Butterscotch Pudding

Butterscotch Pudding

This post is kind of dedicated to two people, and the first one is me.

At the age of, oh, about 12, I don’t think there was a single thing in the world – except perhaps, mashed potatoes – that I loved with all my heart more than butterscotch flavored Angel Delight. Pudding, to you.

(Notes – 1: Yes, we’re really big on singing made-up words like “De-smoothest” in British commercials. 2: Apparently, we like throwing maraschino cherries on top of everything, for no damn reason that I can think of. And 3: strawberry pudding is pretty foul. Other than that, 4: you get the idea.)

On as many separate occasions as I could get away with, I would steal down to the kitchen while my parents were elsewhere, mix up a bowl of Angel Delight – butterscotch only – and take it up to my room, wait for it to set, and have myself a little butterscotch pudding party for one. I’d hide the bowl under my bed behind a stash of Doctor Who books, and pig out for as long as I remembered the bowl was still there. (Sometimes I would forget. Sorry, Mum.)

The second person I want to dedicate this to is Fringe scientist Walter Bishop, because … because if you don’t love Walter Bishop loving pudding, you have a dead black heart and you probably work in politics.

3t2bkq

I don’t know what Angel Delight did to corner the market in gelatinous butterscotch-flavored dessert, but I never found a packaged version that stood up to their original recipe. We returned from England last spring with three butterscotch pudding packets, now just a delicious memory. So I decided to make some from scratch.

This recipe from the Pizzeria Locale in Denver, described by Melissa Clark at the Times – didn’t seem too tricky – the only cautious stage is cooking the sugar to the correct temperature. She recommends a candy thermometer – I haven’t had luck with the kind that clip to the side of the pan, they tend to slip around, and with a relatively small amount of caramel, the base of the thermometer isn’t guaranteed to sit comfortably in the mix. So I prefer to use our Thermapen (made in England, don’t you know), which has a really fast digital readout with great accuracy. The only thing I don’t like about it is that it powers down after a couple of minutes unless you deactivate it by closing and re-opening it, so if you’re focused on caramelizing sugar, it can be a pain to have to wake up the thermometer at a crucial moment.

That’s all the nerdy gadgetry for this recipe; everything else is quite standard.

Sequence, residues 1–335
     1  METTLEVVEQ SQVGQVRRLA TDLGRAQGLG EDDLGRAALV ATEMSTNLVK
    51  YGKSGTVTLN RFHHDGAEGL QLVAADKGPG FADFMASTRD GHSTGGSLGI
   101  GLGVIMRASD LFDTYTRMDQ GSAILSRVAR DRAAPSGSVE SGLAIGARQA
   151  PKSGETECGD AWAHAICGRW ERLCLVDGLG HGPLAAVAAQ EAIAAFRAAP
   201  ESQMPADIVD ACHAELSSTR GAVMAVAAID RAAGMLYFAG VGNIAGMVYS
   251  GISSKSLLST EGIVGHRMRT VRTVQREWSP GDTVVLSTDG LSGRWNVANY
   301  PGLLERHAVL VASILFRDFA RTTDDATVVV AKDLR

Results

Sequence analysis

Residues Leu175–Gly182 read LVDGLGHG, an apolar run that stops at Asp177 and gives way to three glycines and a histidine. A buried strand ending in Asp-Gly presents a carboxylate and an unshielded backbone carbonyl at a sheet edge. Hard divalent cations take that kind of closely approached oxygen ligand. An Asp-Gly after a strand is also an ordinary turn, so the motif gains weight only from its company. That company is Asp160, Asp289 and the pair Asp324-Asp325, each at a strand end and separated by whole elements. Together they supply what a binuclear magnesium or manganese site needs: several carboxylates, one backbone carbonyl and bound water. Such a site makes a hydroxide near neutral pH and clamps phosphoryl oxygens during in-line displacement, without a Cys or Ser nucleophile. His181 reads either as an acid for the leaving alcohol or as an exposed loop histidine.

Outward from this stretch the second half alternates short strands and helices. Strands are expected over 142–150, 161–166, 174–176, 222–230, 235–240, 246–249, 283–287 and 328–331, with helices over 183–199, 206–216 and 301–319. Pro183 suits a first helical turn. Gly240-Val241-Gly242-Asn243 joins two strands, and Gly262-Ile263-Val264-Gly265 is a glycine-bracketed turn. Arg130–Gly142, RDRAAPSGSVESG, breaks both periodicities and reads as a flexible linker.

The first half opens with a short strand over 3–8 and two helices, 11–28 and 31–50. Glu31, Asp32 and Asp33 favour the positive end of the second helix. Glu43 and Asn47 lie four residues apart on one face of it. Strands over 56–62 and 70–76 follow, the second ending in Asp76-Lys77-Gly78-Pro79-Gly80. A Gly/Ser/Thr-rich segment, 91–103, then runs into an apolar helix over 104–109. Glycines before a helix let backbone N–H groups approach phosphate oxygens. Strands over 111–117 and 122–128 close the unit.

Butterscotch PuddingThe heated sugar mixture will look something like this. Since you’re starting with dark brown sugar, there’s not really a change in color as you cook, so you have to rely on your thermometer and your sense of smell and knack of not-burning-things. Just keeping stirring and you’ll be okay.

Butterscotch PuddingAnd it’ll end up like this once the cream and egg mixture is added  in.

 

Butterscotch Pudding

We couldn’t quite wait the prescribed 4 hours for our first bowls. The original article suggests ganache; we made do with some squirty cream and grated chocolate. Emily loved it; I have to say, I still kind of prefer the packaged version. Even after chilling overnight, the texture remained like a thick custard, not the gelatin-set firmness of Angel Delight.

I know this claims to serve 8 but, ha ha, you know, pudding.

Butterscotch Pudding: A Love Story
 
Prep time
Cook time
Total time
 
Author:
Serves: 8
Ingredients
  • 3 cups heavy cream
  • 1½ cups milk
  • 150 grams dark brown sugar (3/4 cup plus 1 tablespoon)
  • 5 grams fine sea salt (3/4 teaspoon)
  • 4 large egg yolks
  • 1 large egg
  • 12 grams cornstarch (1 tablespoon plus 1 teaspoon)
  • 4½ tablespoons unsalted butter
Instructions
  1. In a small bowl, whisk together the egg yolks, egg and cornstarch. Keep this to hand for later.
  2. In a medium saucepan, bring the cream and milk to a simmer. Turn down very low, or off and cover, to keep warm.
  3. In a large saucepan (large enough for the 4-5 cups milk/cream mixture, plus eggs, plus room to whisk), bring the brown sugar, ⅓ cup water and the salt to a boil. Cook, stirring occasionally to keep mixture from scorching, until it reaches 240°F (115°C). Much of the water will boil off by this stage, but you’ll still have a fair amount of low-level bubbling in the mixture. Mine took about 15 minutes to get to that stage. The mixture should smell nutty and caramelized (although note that we’re not technically making caramel, which requires higher heat).
  4. Immediately add the cream mixture into the brown sugar, and bring to a boil while whisking constantly.
  5. Slowly pour one or two ladles-ful of hot cream mixture into the eggs, whisking constantly to properly temper them. Pour the egg mixture back into the pot with the cream. Cook, whisking, for another few minutes, simmering if need be, until thickened.
  6. Strain the mixture into a bowl to sieve out any unmixed solids (most likely the corn starch) then whisk in the butter until smooth. Divide among 8 serving dishes and chill for at least 4 hours until fully set.